|Submission Date||July 27, 2017|
University of New Hampshire
OP-15: Campus Fleet
|0.28 / 1.00||
Special Projects Director
Total number of vehicles (e.g. cars, carts, trucks, tractors, buses, electric assist cycles) in the institution’s fleet:
Number of vehicles in the institution's fleet that are:
|Number of Vehicles|
|Gasoline-electric, non-plug-in hybrid||5|
|Diesel-electric, non-plug-in hybrid||0|
|100 percent electric||0|
|Fueled with compressed natural gas (CNG)||29|
|Fueled with B20 or higher biofuel for more than 4 months of the year||45|
|Fueled with locally produced, low-level (e.g. B5) biofuel for more than 4 months of the year||0|
Do the figures reported above include leased vehicles?:
A brief description of the institution’s efforts to support alternative fuel and power technology in its motorized fleet:
UNH has operated CNG fleet vehicles since 2000. As of February 2017, it operated a fleet of 29 CNG vehicles including transit buses, bi-fuel pickup trucks and passenger cars. In FY 2016, CNG vehicles logged over 230,000 miles and used over 52,500 gas gallon equivalents of CNG (replacing primarily diesel/B20).
The use of CNG in the UNH fleet over the past 16 years has reduced an estimated 1,650 tons of CO2 emissions and 335,000 gallons of gas/diesel fuel with estimated net fleet fuel savings of over $443,000
With current market price of CNG, the fuel cost savings for this CNG fleet to UNH was approximately $65,000 in FY 2016.
UNH worked cooperatively with the New Hampshire DOT to coordinate the first ultra-low sulfur B20 fuel supply at any state operated fueling facility. In August 2006, the facility, located at the UNH campus, opened and UNH began a conversion of all of its diesel fleet to year-round B20 operation.
In FY 2007, most diesel transit vehicles switched to B20 and UNH took possession of its first dedicated B20 fueled, California Air Resource Board Certified (CARB) low emission buses. In succeeding years, UNH Transit embarked on balanced fleet procurement - half B20 and half CNG.
UNH continues a transition of all post-1990 diesel vehicles to B20. As of July 2012, UNH had migrated over 90% of its diesel fleet to year-round B20. This transition has equated to a petroleum diesel consumption reduction of just over 90,000 gallons and estimated emission savings of 2000 tons of CO2 with only minor incremental fuel cost increase.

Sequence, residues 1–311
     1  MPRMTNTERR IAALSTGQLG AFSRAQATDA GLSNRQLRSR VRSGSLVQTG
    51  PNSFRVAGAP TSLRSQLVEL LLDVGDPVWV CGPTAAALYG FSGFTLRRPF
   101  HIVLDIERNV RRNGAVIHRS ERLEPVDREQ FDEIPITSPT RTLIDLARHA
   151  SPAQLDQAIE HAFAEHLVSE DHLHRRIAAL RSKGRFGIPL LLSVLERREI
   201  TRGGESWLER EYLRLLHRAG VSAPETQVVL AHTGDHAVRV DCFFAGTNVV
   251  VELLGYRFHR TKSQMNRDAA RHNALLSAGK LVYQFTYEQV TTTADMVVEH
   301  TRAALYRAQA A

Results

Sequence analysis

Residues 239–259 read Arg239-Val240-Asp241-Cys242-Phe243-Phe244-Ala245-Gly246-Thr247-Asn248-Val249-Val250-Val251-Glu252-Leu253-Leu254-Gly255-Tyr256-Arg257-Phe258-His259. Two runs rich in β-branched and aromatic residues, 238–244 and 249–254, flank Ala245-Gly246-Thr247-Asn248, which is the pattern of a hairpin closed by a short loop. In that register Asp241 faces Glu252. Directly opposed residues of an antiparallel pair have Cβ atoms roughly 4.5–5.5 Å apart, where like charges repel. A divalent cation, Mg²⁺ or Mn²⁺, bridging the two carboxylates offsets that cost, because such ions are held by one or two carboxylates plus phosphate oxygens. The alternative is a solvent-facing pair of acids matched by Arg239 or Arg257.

CNG and B20 are the focus alternative fleet fuels at UNH. (see attached) The UNH Transit Fleet runs almost 40% on CNG fuel in terms of net miles. The remaining 60% is virtually all B20 biodiesel year round.
FY 2013 gge % Total Fleet gge
Total Fleet Fuel 263,878 100%
CNG 56,188 21%
B20 68,850 26%
UNH would be over 50% alternative fuel fleet vehicle miles.
The website URL where information about the programs or initiatives is available:
Additional documentation to support the submission:
The information presented here is self-reported. While AASHE
staff review portions of all STARS reports and institutions are welcome to seek additional forms of review, the data in STARS reports are not verified by AASHE. If you believe any of this information is erroneous or inconsistent with credit criteria, please review the process for inquiring about the information reported by an institution and complete the Data Inquiry Form.
The information presented here is self-reported. While AASHE staff review portions of all STARS reports and institutions are welcome to seek additional forms of review, the data in STARS reports are not verified by AASHE. If you believe any of this information is erroneous or inconsistent with credit criteria, please review the process for inquiring about the information reported by an institution and complete the Data Inquiry Form.